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El-Sayed Mohamed El-Mahrouk, Eman Abdel-Hakim Eisa, Mahmoud Abdelnaby Hegazi, Mohamed El-Sayed Abdel-Gayed, Yaser Hassan Dewir, Mohammed Elsayed El-Mahrouk and Yougasphree Naidoo

by adding 100 μL of crude enzyme extract. Changes in absorbance at 470 nm were recorded at 30-s intervals for 3 min. Enzyme activity was expressed as an increase in the absorbance min −1 ·g −1 fresh weight. Electrolyte leakage. Measurements were

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Longxing Hu, Tao Hu, Xunzhong Zhang, Huancheng Pang and Jinmin Fu

GB did not affect on EL and MDA content under non-salinity conditions. Fig. 4. Effects of glycine betaine (GB) on leaf electrolyte leakage (EL) ( A ) and lipid peroxidation (MDA) ( B ) of perennial ryegrass under salt stress or non-stress conditions

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Vijaya Shukla, Yingmei Ma and Emily Merewitz

infrared thermometer was used to measure canopy temperature (Model 2956; Spectrum Technologies). Leaf electrolyte leakage (EL) was measured by taking ≈200 mg of leaf samples from each plant. The tissue was briefly rinsed in deionized water and then put into

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Sanalkumar Krishnan, Kevin Laskowski, Vijaya Shukla and Emily B. Merewitz

the leaf electrolyte leakage (EL). Approximately 10 leaves were taken from each plant and washed with deionized water for three times and immersed in 25 to 30 mL of deionized water and placed in a shaker for 24 h. The conductivity of the water

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Yong In Kuk and Ji San Shin

expressed as changes in conductivity relative to an initial measurement. The electrolyte leakage levels recorded just before chilling were used as initial measurements. All treatments were replicated three times, and conductivity values were expressed on a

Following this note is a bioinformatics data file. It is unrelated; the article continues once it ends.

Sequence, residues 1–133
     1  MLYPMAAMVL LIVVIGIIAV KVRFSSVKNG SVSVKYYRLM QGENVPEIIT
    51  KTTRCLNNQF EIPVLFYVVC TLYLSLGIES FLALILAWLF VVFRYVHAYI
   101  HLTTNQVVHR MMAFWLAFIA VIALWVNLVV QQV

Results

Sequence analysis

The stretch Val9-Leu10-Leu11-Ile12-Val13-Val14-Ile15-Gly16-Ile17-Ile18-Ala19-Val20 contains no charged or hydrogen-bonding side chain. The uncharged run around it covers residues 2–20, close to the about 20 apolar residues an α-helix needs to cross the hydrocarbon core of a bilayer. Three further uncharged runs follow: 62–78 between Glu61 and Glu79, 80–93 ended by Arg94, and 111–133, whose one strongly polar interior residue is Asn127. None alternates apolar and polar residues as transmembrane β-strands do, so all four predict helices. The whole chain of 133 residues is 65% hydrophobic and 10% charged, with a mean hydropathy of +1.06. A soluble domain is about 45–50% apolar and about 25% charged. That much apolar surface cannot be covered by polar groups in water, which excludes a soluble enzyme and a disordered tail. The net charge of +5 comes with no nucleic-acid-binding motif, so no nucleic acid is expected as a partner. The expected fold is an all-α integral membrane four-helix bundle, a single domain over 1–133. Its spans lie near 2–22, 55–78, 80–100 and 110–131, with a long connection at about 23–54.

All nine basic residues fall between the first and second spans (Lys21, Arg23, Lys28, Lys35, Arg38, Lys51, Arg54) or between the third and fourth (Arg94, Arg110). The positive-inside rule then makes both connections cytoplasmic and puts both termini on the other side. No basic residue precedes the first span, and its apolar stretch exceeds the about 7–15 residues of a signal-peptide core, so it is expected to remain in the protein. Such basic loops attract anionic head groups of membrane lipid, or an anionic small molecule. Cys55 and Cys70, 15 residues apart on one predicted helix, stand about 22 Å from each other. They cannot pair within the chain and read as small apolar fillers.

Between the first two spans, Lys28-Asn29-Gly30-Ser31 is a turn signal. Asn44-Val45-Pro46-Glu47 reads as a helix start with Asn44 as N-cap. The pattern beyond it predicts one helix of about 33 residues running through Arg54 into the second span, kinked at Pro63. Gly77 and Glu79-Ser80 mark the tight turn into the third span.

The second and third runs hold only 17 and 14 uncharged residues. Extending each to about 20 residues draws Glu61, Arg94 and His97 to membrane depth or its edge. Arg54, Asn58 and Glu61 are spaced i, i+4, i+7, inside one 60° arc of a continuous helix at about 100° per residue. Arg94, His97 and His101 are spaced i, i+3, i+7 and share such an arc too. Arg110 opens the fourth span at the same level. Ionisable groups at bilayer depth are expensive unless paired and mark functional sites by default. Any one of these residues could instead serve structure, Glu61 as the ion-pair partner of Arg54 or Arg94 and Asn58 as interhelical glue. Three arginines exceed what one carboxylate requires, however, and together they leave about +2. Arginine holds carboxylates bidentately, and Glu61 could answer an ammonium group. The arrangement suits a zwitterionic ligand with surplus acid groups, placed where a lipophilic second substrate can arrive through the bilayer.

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Ustun Sahin, Melek Ekinci, Fatih Mehmet Kiziloglu, Ertan Yildirim, Metin Turan, Recep Kotan and Selda Ors

(EC2) was measured. Electrolyte leakage was calculated as a percentage of EC1/EC2. Leaf relative water content. LRWC was measured according to Gonzalez and Gonzalez-Vilar (2001) . The young fully expanded leaves were first removed from stem and

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Diheng Zhong, Hongmei Du, Zhaolong Wang and Bingru Huang

completely desiccated and RWC reached the same level in both genotypes (29% in ‘Tifway’ and 28% in ‘C299’). Fig. 1. Changes in leaf relative water content ( A ) and electrolyte leakage ( B ) during drought stress in drought-resistant hybrid bermudagrass

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Huseyin Karlidag, Ertan Yildirim, Metin Turan, Mucahit Pehluvan and Figen Donmez

leakage (membrane permeability) For measurement of electrolyte leakage, 10 leaf discs (10 mm in diameter) from the young fully expanded leaves from two plants per replicate were placed in 50-mL glass vials and rinsed with distilled water to remove the

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Ao Liu, Jibiao Fan, Margaret Mukami Gitau, Liang Chen and Jinmin Fu

; Moradi and Ismail, 2007 ). It has been documented that the ROS can lead to a significant cell membrane damage manifesting in the form of increased malonaldehyde (MDA) content, increased electrolyte leakage (EL), and pronounced activity of antioxidases

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Diego Barranco, Natividad Ruiz and María Gómez-del Campo

This study aims to determine the relationship between laboratory frost-resistance data for the leaves of eight olive cultivars and observed field resistance in the same genotypes undergoing natural frost damage. The lethal freezing temperature (LT50) for each cultivar was established by measuring the electrical conductivity (EC) of the medium into which solutes from damaged leaf tissue were leaked. The value obtained was then correlated with percentage frost shoot for the same eight cultivars damaged by natural frosts in a field test. A negative correlation was observed between the percentage frost shoot and leaf LT50 for all the cultivars under study. The most frost-hardy cultivars (`Cornicabra', `Arbequina', and `Picual') were those presenting the lowest percentage frost shoot and lowest LT50. Conversely, the most frost-susceptible cultivar (`Empeltre') displayed 100% frost shoot, together with one of the highest LT50 values (–9.5 °C). According to these results, lethal freezing temperature (LT50) calculated from leaf ion leakage at a range of freezing temperatures, seem to be a valid parameter for evaluating frost tolerance in olive cultivars.